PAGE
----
I hope that writing your experiences has gone a little way in helping after all the sadness.
Beautifully written without a wasted word.
We will remember them and the survivors.
God bless you.
elviraberyl

 

Message 9 - Thankyou Len

Posted on: 30 July 2004 by Len (Snowie) Baynes

Dear Elvira

Thank you so much for your kind words. There are some mistakes in the first draft; I am in the process of editing the chapters, and have progressed to No.34 so far.

I have four photographs of the Thai camps, and am awaiting a licence from The Imperial War Museum before including them.

Sincerely Len Baynes

 

Message 10 - Thankyou Len

Posted on: 01 September 2004 by ODYSSEY

Aug 30.Dear len, I wrote to you a few days ago. Each nite I read a chapter of your life story.Rob told me where to find them..Thanks só much.Will this come out in a book?I would buy one for each of my 3 sons.
Their Dad was in the Undeground in Holland,but in your stories they will get to learn about real suffering and how you survived. I can't really express my feelings ,but thanks for leaving us a diary.There is much to be learned from your stories.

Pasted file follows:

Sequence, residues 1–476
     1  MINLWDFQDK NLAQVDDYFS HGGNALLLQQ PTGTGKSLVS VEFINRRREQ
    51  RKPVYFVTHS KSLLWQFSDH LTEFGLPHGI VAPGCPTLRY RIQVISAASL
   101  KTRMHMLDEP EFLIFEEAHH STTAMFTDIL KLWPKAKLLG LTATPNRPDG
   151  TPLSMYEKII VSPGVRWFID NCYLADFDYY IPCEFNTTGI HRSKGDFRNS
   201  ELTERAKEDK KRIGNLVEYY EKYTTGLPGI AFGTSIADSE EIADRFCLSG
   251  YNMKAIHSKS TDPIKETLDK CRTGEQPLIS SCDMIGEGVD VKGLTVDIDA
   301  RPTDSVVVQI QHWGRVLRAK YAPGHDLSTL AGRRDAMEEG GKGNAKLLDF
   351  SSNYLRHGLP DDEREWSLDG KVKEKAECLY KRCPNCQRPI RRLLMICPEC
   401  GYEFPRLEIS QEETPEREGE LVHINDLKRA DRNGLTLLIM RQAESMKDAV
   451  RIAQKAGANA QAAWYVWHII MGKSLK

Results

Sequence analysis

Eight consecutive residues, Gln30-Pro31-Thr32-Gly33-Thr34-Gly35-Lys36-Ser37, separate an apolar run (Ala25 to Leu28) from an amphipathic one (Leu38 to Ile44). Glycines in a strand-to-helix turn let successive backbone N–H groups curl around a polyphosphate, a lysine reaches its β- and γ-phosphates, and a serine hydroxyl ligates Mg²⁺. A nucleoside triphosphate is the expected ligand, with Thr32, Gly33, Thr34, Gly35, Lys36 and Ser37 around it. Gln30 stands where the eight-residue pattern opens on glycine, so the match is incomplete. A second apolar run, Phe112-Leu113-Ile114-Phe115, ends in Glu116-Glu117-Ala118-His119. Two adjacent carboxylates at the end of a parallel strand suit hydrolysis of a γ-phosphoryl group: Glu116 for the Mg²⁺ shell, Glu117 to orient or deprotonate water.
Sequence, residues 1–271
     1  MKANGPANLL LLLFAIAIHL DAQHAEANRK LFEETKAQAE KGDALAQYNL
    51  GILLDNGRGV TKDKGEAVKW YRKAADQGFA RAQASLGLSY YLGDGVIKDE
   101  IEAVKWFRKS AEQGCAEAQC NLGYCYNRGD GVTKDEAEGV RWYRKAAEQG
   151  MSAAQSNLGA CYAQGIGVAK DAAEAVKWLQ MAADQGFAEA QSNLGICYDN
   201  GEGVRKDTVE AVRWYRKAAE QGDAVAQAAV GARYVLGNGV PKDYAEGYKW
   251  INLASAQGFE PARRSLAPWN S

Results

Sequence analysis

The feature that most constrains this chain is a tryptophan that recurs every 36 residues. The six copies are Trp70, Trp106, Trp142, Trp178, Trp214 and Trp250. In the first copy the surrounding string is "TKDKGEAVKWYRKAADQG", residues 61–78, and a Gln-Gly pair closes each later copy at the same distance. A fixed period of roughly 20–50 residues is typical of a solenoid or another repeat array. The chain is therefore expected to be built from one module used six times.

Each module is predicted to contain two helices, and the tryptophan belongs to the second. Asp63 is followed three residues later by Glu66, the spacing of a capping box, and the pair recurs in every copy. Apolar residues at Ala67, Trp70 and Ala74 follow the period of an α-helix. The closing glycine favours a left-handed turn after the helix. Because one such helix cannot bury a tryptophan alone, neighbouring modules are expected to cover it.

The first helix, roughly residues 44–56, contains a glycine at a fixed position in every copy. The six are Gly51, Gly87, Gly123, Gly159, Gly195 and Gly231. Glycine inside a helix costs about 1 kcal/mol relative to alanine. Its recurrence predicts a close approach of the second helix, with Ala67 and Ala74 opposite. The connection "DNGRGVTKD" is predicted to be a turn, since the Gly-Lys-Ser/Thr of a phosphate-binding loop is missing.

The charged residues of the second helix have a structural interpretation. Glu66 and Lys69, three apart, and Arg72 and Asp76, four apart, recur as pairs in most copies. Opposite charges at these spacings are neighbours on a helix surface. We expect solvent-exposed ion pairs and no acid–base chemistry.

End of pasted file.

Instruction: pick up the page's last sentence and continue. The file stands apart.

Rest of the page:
Josephine-alias Odyssee-.

 

Message 11 - Thankyou Len

Posted on: 05 October 2004 by Andrea

I have just read some of your war memories and I am really wanting to say thanks. I was looking to find out more of what my dad did in the war (no'1 commando - Harry Wicks) which is how I found you. He never spoke much of his experiences but he wrote a vivid account of an aborted operation for his works magazine (Ministry of Works) Is it easier to write about it than talk about it?
It is fantastic that you have taken so much time and trouble to share your experiences, I hope you have had a happy life since. Andrea

 

Message 12 - Thankyou Len

Posted on: 05 October 2004 by Len (Snowie) Baynes

Dear Andrea, thanks for your message, so glad you found something helpful in my contribitions. Yes, it's easier to write than talk about those days - in fact the only time I talk about them is on those rare occasions when I have been asked to give a talk to a group - Brit. Legion, Old Folks Home, and even once to a church.
My memory is getting the worse for wear, especially with regard to names, so I fear I don't recall the name Harry Wicks.
I have been fortunate since the war, and in spite of some misfortunes, I have been happily married for 55 years, and am surrounded by children, grandchildren and great ditto. In four months I'll be 86, and my wife is 10 years younger. Moreover, my health is pretty good, considering what I've been through, one way and another. All the best Len

 

Message 13 - Thankyou Len

Posted on: 07 October 2004 by Andrea

Dear Len
Thank you for taking the time and trouble to reply, I am really pleased you have had some good fortune and good health. I hope this continues. I can't imagine how it feels to be 86 but it is nice to hear you so positive despite your earlier experiences. I'm sorry you had to go through all you did but your sacrifices are much appreciated.
Please take care, Andrea